Tuesday, December 27, 2011

the problem with the "like" trade

earlier today randy abrams posted an interesting take on facebook advertising and how misleading the word "like" can be (http://randy-abrams.blogspot.com/2011/12/facebook-misleading-advertising.html). this reminded me of a beef that i've apparently had going back at least as far as may of this year (judging by the timestamp on the screenshot i took).

specifically, randy said the following:
If I have to “like” a page to get the information I want, I don’t have a problem with that
well, with all due respect to randy, i do have a problem with it. randy makes some good points about the way people's pictures get used in facebook ads when they "like" things, but a point he neglected is that forcing users to "like" or otherwise post about something before they can see the content they've been lured with is a popular tactic in facebook scams.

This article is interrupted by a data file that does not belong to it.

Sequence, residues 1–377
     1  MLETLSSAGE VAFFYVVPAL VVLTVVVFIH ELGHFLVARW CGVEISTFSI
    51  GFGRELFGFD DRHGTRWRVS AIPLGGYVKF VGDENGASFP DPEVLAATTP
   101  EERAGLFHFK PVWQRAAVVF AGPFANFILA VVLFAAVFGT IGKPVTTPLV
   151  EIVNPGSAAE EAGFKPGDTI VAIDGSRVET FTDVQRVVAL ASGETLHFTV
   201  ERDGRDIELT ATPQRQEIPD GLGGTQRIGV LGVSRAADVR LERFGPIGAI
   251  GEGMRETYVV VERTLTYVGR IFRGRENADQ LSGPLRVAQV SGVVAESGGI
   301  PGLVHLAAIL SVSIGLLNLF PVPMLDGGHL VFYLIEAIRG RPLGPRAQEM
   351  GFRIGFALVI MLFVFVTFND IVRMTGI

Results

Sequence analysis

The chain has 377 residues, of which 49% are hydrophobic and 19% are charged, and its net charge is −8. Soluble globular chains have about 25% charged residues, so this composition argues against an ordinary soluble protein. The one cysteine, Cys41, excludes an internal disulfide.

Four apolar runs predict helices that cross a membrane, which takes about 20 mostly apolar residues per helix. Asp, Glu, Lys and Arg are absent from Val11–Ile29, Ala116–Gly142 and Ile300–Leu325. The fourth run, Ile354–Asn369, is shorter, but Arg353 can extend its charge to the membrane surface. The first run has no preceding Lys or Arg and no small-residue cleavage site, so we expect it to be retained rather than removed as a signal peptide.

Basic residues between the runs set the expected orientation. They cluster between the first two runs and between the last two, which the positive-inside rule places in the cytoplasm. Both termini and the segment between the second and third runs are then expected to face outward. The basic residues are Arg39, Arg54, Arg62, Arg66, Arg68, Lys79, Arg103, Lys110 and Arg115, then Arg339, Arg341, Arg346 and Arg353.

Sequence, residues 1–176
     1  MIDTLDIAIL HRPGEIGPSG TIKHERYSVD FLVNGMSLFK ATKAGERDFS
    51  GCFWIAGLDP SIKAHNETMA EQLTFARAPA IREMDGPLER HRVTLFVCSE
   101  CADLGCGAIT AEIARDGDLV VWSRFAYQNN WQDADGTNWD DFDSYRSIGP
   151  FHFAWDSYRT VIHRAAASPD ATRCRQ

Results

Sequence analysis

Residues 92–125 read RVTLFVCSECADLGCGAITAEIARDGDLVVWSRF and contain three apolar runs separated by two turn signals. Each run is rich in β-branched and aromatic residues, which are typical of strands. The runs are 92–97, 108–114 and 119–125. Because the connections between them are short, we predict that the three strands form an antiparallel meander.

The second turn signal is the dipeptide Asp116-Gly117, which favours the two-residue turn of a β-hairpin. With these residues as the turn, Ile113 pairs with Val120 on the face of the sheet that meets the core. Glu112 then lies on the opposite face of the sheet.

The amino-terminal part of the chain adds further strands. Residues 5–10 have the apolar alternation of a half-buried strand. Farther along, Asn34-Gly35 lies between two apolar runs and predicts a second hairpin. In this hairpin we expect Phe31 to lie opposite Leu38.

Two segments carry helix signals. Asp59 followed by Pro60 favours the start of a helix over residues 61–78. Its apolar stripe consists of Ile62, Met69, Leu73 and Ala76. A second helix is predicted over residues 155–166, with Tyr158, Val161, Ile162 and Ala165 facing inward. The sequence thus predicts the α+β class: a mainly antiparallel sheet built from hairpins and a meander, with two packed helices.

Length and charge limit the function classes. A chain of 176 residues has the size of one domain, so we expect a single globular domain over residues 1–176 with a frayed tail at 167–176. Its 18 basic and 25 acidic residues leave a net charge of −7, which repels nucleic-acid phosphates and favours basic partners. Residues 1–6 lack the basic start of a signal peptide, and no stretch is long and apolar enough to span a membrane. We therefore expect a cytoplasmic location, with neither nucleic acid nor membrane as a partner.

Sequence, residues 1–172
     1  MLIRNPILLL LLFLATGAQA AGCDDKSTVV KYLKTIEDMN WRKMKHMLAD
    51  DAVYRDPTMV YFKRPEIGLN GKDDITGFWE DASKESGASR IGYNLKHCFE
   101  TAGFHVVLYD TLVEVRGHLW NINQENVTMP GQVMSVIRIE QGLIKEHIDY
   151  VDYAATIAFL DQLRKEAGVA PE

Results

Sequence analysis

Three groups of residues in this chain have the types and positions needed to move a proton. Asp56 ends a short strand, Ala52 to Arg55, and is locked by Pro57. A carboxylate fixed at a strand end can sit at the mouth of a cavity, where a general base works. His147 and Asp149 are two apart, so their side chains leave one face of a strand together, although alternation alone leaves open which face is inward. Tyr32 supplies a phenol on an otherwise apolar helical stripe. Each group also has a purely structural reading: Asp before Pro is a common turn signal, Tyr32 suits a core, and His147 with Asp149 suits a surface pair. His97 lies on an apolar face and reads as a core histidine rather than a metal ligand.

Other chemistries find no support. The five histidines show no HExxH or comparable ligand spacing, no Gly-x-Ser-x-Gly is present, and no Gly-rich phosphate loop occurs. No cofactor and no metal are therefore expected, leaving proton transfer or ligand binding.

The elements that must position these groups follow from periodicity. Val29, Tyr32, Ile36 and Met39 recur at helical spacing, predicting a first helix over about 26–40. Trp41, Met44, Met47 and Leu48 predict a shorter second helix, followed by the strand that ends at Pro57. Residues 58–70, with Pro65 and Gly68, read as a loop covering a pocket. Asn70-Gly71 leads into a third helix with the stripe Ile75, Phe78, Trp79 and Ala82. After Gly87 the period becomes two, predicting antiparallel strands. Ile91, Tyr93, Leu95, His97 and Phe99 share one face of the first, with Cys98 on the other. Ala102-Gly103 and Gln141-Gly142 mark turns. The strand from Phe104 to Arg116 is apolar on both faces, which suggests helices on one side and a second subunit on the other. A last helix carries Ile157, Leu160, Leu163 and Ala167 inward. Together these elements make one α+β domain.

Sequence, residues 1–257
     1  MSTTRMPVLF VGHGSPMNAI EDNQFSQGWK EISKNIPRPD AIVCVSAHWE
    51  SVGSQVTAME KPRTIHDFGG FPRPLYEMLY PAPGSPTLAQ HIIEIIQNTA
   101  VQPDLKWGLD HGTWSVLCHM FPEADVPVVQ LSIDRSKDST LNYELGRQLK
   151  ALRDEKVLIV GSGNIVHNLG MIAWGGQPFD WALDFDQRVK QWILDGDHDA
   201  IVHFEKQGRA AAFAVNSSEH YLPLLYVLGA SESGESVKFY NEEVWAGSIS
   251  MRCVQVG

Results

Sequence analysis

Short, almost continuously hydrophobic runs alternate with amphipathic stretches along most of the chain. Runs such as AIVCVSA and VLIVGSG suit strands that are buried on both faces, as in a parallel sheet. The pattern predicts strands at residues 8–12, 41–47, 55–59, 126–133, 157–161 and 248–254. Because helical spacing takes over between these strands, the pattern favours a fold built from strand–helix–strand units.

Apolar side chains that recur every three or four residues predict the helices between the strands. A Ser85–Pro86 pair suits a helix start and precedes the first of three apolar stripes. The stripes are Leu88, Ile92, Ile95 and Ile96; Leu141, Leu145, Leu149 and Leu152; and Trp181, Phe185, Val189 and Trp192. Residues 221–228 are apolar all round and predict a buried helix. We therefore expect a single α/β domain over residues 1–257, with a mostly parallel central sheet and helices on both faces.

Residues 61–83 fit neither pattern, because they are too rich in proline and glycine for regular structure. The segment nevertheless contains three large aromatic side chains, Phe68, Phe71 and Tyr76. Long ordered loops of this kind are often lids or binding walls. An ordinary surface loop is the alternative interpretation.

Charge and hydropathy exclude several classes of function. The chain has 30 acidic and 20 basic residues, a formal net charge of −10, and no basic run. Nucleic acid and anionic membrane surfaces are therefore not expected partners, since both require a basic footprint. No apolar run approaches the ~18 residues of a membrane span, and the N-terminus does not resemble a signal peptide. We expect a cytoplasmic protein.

now, i'm not trying to suggest that security companies making use of this marketing methodology are scam artists (though i am tempted to say that all marketing is in some way a scam) but they should be aware that by utilizing this sort of marketing they are effectively endorsing a marketing methodology (developed by facebook) that breeds victims. i don't expect facebook to care about such things, since such trickery is how they make their money, but i certainly expect security companies (especially ones with as strong a leaning towards empowering users as eset) to know better than to go along with facebook's questionable methods and do things like this:
"like"s are not something to be bought from users in exchange for free or otherwise tempting content. they are an endorsement and as such can't be legitimate until after the user has sampled the content. the idea of exploiting illegitimate user endorsements should be recognized as unethical and should be understood to have consequences. by using the sort of techniques that scam artists thrive on, one is basically training people to be victims. i expect better from security companies and i think you should too.